• ‘Leahy's position on atomic weapons was affected by the fact that he simply did not believe that the bomb would work.’
      • ‘The atomic fallout would settle along the beaches and cities of the world - including New Zealand and Canada.’
      • ‘Radio Bikini reminds us that as long as there are atomic weapons around the world, what happened in that out of the way atoll is just another dumb decision, probably destined to be repeated.’
      • ‘The centrality of atomic fission and fusion is giving way to the collection, processing, fusion, and dissemination of information.’
      • ‘According to sources in the security services, upon his release the former atomic reactor technician is to be prevented from travelling abroad.’
      • ‘Israel has always maintained a policy of nuclear ambiguity, refusing to confirm or deny it has atomic weapons.’
      • ‘Just as nuclear scientists concerned about lethal radioactivity oppose atomic weapons, should marine scientists campaign for an end to coal-fired power stations?’
      • ‘The Soviets had exploded their first atomic device in 1949, but they lacked credible delivery systems to threaten the United States directly.’
      • ‘Since Hiroshima and Nagasaki, historians have devoted nearly as much energy to debating who made the decision to use the bomb as was released in the atomic explosions.’
      • ‘That the cooperation with the Kremlin had limits was shown in the Manhattan Project, the secret Anglo-American effort to acquire an atomic weapon before the Germans.’
      • ‘The atomic fallout is still falling, a silent, ominous dust that isn't remarked upon, only suggested.’
      • ‘We can scoff now at the innocence of the early atomic age when we were all advised that in a nuclear attack it was safe to hide under the kitchen table.’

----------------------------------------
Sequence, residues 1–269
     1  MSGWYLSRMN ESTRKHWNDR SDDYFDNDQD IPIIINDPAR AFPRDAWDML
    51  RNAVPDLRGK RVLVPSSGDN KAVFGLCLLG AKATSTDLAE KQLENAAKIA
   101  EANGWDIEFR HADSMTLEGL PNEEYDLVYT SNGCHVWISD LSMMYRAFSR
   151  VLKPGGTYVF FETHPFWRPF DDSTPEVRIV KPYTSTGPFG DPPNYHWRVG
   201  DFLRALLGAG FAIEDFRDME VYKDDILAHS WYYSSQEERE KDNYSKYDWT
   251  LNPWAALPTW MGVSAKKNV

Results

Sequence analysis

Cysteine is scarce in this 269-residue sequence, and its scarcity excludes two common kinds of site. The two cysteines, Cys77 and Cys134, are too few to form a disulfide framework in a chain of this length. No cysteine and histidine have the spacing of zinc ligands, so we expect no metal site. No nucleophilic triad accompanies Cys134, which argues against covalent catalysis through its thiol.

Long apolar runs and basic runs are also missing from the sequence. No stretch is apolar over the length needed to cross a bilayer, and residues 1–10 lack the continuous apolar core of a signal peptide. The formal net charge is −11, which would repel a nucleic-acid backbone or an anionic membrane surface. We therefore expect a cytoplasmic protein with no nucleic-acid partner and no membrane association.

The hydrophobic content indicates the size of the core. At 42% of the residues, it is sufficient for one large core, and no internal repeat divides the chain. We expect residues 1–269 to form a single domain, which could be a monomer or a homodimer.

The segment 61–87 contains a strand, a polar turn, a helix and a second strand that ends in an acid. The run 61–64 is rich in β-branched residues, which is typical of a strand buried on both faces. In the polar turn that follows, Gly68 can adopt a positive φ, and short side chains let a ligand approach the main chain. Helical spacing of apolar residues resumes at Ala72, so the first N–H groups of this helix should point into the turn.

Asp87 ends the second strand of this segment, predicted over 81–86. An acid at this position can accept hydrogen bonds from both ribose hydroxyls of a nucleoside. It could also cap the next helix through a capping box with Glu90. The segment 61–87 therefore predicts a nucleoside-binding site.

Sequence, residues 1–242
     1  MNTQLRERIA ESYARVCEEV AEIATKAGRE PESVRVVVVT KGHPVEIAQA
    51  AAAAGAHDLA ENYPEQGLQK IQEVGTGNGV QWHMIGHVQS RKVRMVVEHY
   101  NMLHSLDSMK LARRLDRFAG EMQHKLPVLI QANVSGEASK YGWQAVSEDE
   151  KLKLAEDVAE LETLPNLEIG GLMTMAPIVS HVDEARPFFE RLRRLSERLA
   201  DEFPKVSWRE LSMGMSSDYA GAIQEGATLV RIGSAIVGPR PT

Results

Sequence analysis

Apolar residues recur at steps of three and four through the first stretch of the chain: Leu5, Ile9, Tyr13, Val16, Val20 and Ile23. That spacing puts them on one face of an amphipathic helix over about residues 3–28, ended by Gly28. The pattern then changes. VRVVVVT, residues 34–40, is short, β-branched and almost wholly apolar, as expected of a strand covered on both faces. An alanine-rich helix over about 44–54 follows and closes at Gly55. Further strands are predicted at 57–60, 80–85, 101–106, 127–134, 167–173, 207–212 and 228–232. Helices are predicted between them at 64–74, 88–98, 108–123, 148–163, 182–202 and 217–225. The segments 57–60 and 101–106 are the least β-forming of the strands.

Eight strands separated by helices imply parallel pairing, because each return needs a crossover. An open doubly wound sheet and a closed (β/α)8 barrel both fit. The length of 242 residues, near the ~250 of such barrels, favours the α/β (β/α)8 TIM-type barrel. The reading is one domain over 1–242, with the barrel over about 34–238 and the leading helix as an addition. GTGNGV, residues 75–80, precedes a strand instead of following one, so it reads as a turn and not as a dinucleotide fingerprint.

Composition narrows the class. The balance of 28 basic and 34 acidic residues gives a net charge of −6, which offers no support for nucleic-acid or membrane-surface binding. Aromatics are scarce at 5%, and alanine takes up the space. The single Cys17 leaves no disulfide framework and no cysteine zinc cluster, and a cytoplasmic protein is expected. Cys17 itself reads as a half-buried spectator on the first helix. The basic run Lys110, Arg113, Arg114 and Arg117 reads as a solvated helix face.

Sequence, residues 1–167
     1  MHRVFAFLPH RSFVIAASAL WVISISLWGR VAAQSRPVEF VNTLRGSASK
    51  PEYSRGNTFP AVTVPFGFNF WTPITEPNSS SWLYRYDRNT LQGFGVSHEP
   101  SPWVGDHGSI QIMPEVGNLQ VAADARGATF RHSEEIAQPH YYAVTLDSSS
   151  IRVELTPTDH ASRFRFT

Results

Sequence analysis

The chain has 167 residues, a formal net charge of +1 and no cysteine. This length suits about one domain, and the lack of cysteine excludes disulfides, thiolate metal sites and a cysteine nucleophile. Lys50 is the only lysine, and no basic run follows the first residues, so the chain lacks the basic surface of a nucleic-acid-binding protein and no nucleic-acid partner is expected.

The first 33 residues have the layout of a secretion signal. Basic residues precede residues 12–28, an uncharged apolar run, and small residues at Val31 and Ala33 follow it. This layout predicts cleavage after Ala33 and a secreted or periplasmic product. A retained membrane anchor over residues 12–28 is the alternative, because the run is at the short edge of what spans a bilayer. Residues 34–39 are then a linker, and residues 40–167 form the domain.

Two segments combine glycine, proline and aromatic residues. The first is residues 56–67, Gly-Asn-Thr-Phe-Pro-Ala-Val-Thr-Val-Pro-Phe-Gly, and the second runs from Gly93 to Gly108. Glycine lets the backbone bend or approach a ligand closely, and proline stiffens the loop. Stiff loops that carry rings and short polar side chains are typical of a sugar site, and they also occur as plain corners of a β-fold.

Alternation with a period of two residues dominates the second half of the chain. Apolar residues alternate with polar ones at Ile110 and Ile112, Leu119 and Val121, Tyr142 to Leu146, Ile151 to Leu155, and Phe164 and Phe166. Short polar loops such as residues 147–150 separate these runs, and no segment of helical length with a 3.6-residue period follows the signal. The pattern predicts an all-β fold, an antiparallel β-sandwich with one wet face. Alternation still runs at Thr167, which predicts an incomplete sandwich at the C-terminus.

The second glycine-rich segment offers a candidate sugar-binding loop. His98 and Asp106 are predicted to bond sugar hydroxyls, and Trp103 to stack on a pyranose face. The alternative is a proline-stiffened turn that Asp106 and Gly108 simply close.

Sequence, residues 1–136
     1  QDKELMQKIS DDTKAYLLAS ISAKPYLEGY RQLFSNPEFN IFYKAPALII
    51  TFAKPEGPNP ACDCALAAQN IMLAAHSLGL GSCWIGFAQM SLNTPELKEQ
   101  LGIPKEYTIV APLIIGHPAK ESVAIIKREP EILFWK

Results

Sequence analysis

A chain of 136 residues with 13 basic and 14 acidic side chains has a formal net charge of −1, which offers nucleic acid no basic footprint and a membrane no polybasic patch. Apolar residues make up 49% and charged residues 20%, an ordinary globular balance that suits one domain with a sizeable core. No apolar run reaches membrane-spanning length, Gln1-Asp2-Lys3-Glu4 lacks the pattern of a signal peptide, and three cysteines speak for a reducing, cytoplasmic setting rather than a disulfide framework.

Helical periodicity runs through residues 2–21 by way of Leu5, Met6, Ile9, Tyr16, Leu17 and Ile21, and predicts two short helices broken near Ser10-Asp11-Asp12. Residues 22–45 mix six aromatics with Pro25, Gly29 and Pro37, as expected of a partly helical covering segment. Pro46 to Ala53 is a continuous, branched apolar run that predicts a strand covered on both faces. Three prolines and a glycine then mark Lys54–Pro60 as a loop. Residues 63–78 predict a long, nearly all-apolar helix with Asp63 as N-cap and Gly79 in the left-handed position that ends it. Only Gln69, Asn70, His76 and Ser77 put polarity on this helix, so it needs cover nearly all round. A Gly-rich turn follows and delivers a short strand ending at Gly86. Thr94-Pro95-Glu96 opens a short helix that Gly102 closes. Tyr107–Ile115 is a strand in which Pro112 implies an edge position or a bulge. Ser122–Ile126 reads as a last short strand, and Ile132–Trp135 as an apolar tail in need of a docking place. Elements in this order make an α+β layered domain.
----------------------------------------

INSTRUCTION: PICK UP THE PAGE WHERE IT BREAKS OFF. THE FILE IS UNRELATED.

• ‘Has your recipe for nuclear fuel changed much since the birth of the atomic age?’
      • ‘Then, in late 1953, the Atomic Energy Commission succeeded in developing a high-yield, lightweight atomic weapon.’
      • ‘Cheney said recent information gleaned from a top former Pakistani nuclear scientist provided compelling evidence that Pyongyang has an active atomic weapons program.’
      • ‘It is precisely those features which are undesirable in a nuclear reactor that are vital in an atomic weapon.’
      • ‘The strike against Hiroshima on 6 August 1945 signaled the beginning of the atomic age and a revolution in strategic affairs.’
      • ‘Dr Barnaby worked in a British atomic weapons laboratory in the 1950s, and later headed up the Stockholm International Peace Research Institute.’
      • ‘This was the first film to suggest that mankind will have to conquer its destructive nature and control its atomic weapons if it ever wants to join the rest of the peace-loving Universe.’
      • ‘Mining of uranium ores has been a controversial issue because of its use in atomic weapons and the potential for accidents at nuclear power stations.’

Origin

Late 17th century: from modern Latin atomicus, from atomus indivisible (see atom).

Pronunciation:

atomic

/əˈtämik/